The Volvo Ocean Race is a challenge at the best of times, but leg six from Hong Kong to Auckland is another kind of monster entirely.
While conditions are testing throughout the race, the race down the Auckland comes with the added fun of battling humidity around the equator.
As Kiwi sailor Justin Ferris puts it: "it's like the longest wet, camping holiday you can imagine."
Ferris, who was racing to Auckland aboard current leg leaders AzkoNobel, was competing in his second leg of the race and said while the team was happy with their position; they would not miss the conditions.
"It's very typical for this leg. No surprises that's for sure," he told the Herald. "We're happy. It's nice to be leading the pack at the moment but there's a lot of racing to come."
The fleet had made good time to the equator and Ferris estimated they would arrive in Auckland around February 25 or 26, which was ahead of the estimation when they set out from Hong Kong 11 days ago.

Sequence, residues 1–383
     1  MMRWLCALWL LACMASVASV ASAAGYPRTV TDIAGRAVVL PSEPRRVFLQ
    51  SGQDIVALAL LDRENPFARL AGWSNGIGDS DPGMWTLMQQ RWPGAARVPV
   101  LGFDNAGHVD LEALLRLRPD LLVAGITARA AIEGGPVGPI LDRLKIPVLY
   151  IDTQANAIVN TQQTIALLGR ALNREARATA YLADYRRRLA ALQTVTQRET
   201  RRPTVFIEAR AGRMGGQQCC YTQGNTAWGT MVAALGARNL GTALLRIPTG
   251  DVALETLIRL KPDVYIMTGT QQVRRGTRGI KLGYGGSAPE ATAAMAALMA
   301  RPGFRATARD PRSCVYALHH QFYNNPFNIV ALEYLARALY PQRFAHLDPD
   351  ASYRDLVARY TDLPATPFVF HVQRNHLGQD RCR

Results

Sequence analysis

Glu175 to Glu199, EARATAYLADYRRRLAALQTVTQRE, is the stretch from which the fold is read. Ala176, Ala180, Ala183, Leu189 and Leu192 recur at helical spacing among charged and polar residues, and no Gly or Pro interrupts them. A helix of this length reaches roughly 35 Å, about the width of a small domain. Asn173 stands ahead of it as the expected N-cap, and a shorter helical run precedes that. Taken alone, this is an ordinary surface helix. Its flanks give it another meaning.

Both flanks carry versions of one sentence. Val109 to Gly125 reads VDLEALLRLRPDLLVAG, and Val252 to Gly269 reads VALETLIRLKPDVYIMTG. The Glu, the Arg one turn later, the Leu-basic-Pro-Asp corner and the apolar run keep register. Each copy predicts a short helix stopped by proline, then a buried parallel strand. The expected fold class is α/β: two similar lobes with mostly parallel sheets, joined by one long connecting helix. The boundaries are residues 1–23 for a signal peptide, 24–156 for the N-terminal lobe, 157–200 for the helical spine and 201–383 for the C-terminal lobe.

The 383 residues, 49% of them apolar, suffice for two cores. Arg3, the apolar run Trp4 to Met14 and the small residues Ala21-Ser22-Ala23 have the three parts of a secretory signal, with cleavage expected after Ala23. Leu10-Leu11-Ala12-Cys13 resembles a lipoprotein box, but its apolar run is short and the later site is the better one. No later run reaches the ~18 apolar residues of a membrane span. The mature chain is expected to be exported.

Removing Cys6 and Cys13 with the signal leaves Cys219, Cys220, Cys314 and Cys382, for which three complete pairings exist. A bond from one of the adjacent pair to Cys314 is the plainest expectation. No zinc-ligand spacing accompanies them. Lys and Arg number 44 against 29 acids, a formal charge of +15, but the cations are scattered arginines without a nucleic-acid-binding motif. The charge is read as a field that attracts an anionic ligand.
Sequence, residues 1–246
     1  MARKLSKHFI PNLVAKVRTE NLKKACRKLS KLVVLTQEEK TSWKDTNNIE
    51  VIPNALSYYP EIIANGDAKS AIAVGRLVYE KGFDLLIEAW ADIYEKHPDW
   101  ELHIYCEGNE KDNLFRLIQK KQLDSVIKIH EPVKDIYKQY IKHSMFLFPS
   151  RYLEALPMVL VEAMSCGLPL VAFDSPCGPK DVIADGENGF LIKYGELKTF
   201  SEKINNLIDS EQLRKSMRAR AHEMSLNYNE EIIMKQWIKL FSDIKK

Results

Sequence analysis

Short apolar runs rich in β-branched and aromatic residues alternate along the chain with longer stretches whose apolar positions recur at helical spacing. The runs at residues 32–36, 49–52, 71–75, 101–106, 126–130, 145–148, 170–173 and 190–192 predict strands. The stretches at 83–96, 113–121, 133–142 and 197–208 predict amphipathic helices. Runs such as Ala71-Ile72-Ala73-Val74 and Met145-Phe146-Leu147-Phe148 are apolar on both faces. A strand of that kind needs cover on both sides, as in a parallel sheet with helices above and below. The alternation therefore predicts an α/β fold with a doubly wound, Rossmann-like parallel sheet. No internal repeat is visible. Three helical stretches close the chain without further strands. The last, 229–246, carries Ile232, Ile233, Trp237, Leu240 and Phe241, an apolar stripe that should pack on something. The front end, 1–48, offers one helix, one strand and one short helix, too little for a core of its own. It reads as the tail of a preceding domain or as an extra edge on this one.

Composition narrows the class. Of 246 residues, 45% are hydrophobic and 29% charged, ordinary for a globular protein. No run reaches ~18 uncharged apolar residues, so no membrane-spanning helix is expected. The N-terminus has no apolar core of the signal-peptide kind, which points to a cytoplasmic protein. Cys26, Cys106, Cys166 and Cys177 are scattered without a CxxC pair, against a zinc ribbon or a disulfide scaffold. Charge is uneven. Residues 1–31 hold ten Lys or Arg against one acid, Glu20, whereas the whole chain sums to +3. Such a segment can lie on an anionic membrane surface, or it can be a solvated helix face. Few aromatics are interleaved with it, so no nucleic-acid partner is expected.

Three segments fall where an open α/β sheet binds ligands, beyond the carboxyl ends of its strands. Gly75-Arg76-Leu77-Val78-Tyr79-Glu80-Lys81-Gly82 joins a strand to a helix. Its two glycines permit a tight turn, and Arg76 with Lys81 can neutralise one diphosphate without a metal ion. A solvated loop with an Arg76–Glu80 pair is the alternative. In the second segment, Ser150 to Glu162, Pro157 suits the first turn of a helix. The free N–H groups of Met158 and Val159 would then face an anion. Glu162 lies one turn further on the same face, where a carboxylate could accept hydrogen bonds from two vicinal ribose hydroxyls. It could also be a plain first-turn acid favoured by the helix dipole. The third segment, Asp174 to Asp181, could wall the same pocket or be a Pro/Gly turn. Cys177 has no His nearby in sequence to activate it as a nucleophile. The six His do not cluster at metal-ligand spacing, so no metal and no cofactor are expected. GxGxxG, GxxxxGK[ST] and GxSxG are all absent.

"That's a pretty good run if we can stick to that but obviously a lot can change, there's a lot of variables to come. We're certainly pushing as hard as we can that's for sure."
Having crossed the equator over the weekend, the fleet was headed toward the second set of doldrums and would also have to contend with the winds cause by Cyclone Gita.
While they wouldn't face the brunt of the cyclone, it would still have an effect on the conditions.
Fellow Kiwi aboard AzkoNobel Brad Farrand said while navigating such conditions was hard work; it was what sailors expected when they signed on for the race.
Farrand had been with the team since they set out from Spain in late 2017 and echoed Ferris' comments about the humid conditions adding to the challenge on board.
"Can't wait to get a little bit of cool, or at least get dry for a bit and get clean. At the moment you covered in salt and sweat. It's not comfortable to sleep; it's not comfortable to be on deck.
"You sweat pretty badly when you're in 30C heat and working your ass off."
The fleet was still over 3700km from reaching Auckland and while there was plenty of sailing ahead, Farrand admitted he was looking forward to getting back home for a couple of weeks.
"It's what you look forward to as a Kiwi – you want to sail into Auckland Harbour and all the support boats are around and I think it'll be one of the better stops on the race, so can't wait."
Team AzkoNobel led second-placed Scallywag by 7km after 11 days of racing, with Team Brunel 259km back in third place, while Turn the Tide on Plastic, DongFeng Race Team and MAPFRE were further back.
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